Homeless youth require time, resources, commitment and a personalized “step by step” approach to provide basic necessities in a safe, compassionate environment as they make the difficult transition to adulthood.
Teens can become homeless for numerous reasons, including family dysfunction and breakdown, inadequate housing that cannot accommodate them, domestic abuse (physical, sexual or substance), or because of being abandoned or kicked out of their family’s home. Teens may not consider themselves homeless because many of them resort to “couch surfing” or staying with various friends or family members. However, without a stable housing environment day after day, these youth are in fact, homeless. Our goal is to help ensure that these young people acquire the skills and education they need to become productive and self-sufficient adults.
- Within 2-4 years of exiting foster care, 25 percent of foster children experience homelessness. (National Alliance to End Homelessness)
- Researchers estimate that 5 to 7.7 percent of youth experience homelessness each year. (National Alliance to End Homelessness)
- The best studies available indicate that over 1 million youth are homeless each year in America. (National Partnership to End Youth Homelessness)
Communities have the desire to serve homeless youth but often lack the necessary options of outreach, drop-in centers, shelters, and housing to intervene. Once homeless, many youth face survival on the streets, recruitment by gangs, exposure to drugs, and sexual exploitation by adults. (National Partnership to End Youth Homelessness)
How Many Youth Are Homeless?
- On a single night in 2017, nearly 41,000 (40,799) unaccompanied youth were counted as homeless. Of those, 88 percent were between the ages of 18 to 24. The remaining 12 percent (or 4,789 unaccompanied children) were under the age of 18.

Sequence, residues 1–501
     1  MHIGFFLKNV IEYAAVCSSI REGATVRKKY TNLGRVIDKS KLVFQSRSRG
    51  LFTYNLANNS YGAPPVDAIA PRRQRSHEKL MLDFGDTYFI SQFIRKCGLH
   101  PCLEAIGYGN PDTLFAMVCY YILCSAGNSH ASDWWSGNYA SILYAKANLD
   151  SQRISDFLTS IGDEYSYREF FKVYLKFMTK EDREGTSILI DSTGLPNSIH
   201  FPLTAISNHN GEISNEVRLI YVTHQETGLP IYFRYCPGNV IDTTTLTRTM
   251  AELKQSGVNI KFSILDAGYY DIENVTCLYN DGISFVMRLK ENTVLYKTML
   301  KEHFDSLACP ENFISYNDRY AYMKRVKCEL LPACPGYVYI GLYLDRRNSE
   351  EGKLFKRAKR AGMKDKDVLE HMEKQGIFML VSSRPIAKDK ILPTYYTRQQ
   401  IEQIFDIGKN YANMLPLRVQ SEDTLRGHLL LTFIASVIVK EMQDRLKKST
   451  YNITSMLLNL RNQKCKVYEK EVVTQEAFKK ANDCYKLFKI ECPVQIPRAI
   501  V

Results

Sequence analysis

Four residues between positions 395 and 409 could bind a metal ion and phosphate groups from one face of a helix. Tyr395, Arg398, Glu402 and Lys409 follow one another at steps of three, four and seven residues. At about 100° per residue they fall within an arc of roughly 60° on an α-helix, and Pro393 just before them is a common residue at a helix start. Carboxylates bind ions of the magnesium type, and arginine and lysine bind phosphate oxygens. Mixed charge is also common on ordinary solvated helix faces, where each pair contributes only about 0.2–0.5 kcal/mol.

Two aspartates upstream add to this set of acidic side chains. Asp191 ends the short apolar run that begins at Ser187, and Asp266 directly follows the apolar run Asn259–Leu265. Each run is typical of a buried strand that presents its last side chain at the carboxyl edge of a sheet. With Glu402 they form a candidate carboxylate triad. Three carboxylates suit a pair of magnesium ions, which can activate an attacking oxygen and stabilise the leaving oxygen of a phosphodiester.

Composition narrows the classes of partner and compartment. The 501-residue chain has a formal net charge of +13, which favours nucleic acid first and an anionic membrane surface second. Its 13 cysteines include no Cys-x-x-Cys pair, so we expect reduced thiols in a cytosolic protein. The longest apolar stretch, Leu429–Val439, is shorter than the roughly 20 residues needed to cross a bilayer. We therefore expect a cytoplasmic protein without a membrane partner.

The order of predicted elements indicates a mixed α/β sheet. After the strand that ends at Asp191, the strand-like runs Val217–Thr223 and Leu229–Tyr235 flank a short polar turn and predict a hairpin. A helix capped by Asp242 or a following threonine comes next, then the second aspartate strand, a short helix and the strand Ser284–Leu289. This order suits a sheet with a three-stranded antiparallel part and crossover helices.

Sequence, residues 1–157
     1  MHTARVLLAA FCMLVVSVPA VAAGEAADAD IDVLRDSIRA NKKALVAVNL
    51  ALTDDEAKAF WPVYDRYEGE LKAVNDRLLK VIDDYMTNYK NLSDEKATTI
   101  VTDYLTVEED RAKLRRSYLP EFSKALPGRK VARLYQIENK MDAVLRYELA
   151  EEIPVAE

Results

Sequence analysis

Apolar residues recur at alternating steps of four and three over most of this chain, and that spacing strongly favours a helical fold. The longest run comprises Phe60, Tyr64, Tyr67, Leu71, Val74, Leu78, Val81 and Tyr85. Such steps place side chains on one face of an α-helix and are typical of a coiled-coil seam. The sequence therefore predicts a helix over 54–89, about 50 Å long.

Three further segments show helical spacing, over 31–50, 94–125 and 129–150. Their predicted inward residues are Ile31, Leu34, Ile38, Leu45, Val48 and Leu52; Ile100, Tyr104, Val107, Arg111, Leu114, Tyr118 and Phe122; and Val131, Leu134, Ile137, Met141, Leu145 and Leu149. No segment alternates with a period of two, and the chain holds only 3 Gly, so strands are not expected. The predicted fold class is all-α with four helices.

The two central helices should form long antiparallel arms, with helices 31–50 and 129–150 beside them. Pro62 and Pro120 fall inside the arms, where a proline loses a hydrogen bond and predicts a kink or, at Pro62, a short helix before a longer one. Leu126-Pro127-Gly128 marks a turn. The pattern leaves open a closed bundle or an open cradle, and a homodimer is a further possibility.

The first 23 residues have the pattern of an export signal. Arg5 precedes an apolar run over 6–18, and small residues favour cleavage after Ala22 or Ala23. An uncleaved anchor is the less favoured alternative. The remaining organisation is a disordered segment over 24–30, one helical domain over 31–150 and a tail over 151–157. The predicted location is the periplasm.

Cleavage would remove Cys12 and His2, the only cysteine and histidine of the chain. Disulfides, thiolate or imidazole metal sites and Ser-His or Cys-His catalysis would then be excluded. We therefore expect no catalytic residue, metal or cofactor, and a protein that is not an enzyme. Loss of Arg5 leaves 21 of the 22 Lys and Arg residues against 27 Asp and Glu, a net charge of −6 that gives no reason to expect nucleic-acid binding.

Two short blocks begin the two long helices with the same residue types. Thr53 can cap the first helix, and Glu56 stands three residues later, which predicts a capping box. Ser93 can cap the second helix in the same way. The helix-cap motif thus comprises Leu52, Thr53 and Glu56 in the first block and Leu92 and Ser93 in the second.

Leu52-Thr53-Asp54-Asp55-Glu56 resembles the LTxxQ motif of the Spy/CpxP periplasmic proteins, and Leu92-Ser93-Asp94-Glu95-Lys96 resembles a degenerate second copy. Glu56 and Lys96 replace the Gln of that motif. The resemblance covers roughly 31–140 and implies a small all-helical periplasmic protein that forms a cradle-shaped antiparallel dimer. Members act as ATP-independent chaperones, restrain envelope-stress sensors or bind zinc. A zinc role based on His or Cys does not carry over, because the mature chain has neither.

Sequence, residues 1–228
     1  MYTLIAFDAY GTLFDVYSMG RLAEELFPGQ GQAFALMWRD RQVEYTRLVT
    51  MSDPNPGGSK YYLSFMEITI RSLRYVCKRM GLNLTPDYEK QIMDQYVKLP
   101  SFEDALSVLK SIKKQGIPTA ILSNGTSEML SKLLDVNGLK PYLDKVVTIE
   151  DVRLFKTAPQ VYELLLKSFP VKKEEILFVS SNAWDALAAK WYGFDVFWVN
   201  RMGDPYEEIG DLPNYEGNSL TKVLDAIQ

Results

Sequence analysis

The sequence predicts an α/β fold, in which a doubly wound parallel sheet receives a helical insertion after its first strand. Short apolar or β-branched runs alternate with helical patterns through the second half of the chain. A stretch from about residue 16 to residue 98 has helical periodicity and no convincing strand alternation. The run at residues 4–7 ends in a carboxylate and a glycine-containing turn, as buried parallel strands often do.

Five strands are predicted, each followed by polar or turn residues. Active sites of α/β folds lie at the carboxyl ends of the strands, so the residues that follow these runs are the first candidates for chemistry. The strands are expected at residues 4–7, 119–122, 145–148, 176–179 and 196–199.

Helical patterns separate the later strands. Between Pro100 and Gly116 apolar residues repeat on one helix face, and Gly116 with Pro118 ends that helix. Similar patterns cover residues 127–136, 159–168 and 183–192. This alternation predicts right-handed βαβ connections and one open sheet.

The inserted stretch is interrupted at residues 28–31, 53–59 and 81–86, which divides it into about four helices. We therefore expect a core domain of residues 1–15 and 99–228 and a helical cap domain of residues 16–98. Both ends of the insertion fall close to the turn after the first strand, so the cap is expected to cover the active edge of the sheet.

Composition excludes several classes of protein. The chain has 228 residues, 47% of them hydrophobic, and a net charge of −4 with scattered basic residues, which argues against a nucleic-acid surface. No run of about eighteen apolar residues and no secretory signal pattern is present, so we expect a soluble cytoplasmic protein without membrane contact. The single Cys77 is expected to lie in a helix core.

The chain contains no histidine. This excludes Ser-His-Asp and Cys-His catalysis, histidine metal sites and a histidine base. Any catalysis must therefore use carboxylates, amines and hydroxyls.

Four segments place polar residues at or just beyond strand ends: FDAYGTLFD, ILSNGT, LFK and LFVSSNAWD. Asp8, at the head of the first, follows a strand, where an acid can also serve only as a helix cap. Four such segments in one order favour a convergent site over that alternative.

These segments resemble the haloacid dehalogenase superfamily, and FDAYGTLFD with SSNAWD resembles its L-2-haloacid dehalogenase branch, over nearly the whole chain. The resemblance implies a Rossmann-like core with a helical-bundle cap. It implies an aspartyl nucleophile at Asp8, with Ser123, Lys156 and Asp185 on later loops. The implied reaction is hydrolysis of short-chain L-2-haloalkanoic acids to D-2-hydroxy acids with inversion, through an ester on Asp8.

- The Alliance estimates that over the course of a year, approximately 550,000 unaccompanied youth and young adults up to age 24 experience a homelessness episode of longer than one week. More than half are under the age of 18.
These numbers are imprecise, and the single night number is likely an undercount. Communities are working to improve the way they collect data and their Point-In-Time Counts in order to more accurately reflect the numbers of unaccompanied young people experiencing homelessness.
Why Are There Homeless Youth?
Youth homelessness is often rooted in family conflict. Other contributing factors include economic circumstances like poverty and housing insecurity, racial disparities, and mental health and substance use disorders. Young people who have had involvement with the child welfare and juvenile justice systems are also more likely to become homeless.
Many homeless youth and young adults have experienced significant trauma before and after becoming homeless and are particularly vulnerable, including victims of sexual trafficking and exploitation. Youth who identify as lesbian, gay, bisexual, transgender, and questioning (LGBTQ); pregnant and parenting youth; youth with special needs or disabilities, and youth of color, particularly African-American and Native American youth are also more likely to become homeless.